Mitigate the effects of stakeholder turnover

If key stakeholders leave their positions during the policy-making process, one should consider whether and how to orient newcomers while maintaining the process, or whether to start the process anew. A lot will depend on the stage in which the transition of key stakeholders takes place—from evidence dissemination and review, recommendations-setting, and advocacy to final decision-making on policy issues. The loss of continuity and institutional memory resulting from turnover of key staff, as well as the frequent changeover of health sector management positions and political appointees, can disrupt the ongoing discussions that are necessary for a policy’s eventual implementation (McCabe et al. 2008). Turnover can also contribute to lost momentum. Any of these factors may prevent HRH strategies from moving forward. An HRH TWG’s secretariat function, which is important more generally (Gormley and McCaffery 2011), is critical to ensure that changes in membership are appropriately addressed. To maintain the TWG’s institutional memory, it is important to document issues, meetings, and discussions as appropriate. Responsibilities and accountability measures for these actions could be made official within a stakeholder leadership group’s bylaws, and could help to mitigate the effects of stakeholder turnover.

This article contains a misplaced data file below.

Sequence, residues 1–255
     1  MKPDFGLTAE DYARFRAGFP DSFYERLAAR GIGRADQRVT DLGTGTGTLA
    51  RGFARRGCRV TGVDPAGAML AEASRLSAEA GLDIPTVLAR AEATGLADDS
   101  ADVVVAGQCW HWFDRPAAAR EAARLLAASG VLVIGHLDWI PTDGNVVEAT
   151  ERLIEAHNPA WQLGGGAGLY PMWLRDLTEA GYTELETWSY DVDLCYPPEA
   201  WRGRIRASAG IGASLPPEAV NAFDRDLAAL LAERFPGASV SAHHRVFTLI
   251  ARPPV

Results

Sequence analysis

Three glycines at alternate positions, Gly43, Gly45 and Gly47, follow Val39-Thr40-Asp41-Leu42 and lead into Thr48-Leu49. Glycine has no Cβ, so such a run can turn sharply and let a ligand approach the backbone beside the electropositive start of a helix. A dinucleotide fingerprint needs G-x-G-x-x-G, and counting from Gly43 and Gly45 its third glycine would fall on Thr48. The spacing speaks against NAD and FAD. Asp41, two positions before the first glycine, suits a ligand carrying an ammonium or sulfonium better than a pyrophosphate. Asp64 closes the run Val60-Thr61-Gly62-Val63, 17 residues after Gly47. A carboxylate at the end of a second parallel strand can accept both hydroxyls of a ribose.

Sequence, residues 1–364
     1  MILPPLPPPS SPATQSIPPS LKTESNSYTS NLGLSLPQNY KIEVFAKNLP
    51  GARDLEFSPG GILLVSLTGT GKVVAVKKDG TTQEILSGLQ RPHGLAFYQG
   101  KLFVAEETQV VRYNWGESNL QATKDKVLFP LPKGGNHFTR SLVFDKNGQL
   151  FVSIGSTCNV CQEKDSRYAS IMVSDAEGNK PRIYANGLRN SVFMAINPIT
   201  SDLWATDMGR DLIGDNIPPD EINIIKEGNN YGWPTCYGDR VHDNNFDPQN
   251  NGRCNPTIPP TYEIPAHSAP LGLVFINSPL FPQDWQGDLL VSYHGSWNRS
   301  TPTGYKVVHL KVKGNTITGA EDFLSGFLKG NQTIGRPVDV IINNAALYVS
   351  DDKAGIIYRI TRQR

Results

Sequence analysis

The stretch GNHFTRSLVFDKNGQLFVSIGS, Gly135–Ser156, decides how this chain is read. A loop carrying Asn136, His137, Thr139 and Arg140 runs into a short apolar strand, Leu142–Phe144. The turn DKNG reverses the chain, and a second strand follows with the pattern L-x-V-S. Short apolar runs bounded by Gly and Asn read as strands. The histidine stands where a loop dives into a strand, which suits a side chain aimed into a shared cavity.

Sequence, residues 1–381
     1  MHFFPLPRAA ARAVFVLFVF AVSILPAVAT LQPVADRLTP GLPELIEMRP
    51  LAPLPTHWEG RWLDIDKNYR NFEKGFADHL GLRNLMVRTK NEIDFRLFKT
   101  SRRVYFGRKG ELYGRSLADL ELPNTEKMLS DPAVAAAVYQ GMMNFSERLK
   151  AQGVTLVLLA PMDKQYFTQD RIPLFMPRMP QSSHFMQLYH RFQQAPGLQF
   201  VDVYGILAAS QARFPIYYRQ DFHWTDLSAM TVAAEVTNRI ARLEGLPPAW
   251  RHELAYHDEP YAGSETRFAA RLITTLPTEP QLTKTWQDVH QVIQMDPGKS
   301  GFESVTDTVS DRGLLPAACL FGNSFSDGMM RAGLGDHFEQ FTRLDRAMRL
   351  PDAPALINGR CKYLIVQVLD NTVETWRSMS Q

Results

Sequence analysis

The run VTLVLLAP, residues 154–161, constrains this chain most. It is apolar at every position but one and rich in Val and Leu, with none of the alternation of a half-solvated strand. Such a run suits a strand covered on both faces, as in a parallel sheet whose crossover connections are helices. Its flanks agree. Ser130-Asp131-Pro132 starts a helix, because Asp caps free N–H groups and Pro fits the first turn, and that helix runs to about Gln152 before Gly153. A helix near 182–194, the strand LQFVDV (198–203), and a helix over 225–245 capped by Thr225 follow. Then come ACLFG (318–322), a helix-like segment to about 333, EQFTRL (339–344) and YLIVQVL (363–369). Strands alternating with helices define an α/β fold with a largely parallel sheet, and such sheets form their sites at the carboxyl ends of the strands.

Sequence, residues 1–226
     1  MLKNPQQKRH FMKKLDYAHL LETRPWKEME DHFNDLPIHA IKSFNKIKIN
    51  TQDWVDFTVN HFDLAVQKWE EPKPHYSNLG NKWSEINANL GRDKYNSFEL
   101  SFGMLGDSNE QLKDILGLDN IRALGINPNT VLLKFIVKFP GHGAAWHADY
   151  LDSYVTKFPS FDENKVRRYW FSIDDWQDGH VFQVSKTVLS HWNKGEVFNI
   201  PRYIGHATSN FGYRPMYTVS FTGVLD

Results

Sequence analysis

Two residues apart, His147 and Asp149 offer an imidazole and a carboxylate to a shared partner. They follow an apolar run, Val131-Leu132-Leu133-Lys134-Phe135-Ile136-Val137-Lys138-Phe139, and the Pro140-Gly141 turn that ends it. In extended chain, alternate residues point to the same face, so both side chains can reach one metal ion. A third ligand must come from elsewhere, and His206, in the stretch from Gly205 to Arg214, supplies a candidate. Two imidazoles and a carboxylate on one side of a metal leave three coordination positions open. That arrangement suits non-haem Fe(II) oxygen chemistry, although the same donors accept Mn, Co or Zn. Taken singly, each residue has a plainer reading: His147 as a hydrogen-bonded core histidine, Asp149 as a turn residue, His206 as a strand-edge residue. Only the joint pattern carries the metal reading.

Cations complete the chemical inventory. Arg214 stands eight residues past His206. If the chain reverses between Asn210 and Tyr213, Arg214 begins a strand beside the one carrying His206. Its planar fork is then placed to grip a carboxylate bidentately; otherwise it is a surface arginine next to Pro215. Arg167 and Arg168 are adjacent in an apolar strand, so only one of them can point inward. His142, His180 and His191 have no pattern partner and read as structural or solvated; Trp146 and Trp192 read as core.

In Uganda, when individuals representing a key stakeholder left that organization and thus the HRH TWG, a new representative was not always named. This resulted in the loss of that organization’s engagement in the issues under discussion. Key informant interviews with the Uganda HRH TWG revealed several recommendations for mitigating such negative effects of turnover: first, a TWG secretariat could be vigilant to request (or require) the organizations with departing members to name a new organizational representative to the group (Howard-Grabman and Jaskiewicz 2013). In addition, acting members could be named when it is anticipated that permanent members may take more time to be identified. Whenever possible, outgoing members should orient the incoming representative. Further, if key members are frequently absent, the secretariat could send them notices to remind them of the importance of their organization’s participation (ibid.). The Uganda MOH (2013) Guidelines for Governance and Management Structures clearly stipulate the purpose, responsibilities, and membership of TWGs and provide guidance on the functions of the chairperson, secretariat, and members. With this new definition and protocol, the HRH TWG is working to improve its governance mechanisms and mitigate the effects of stakeholder turnover.

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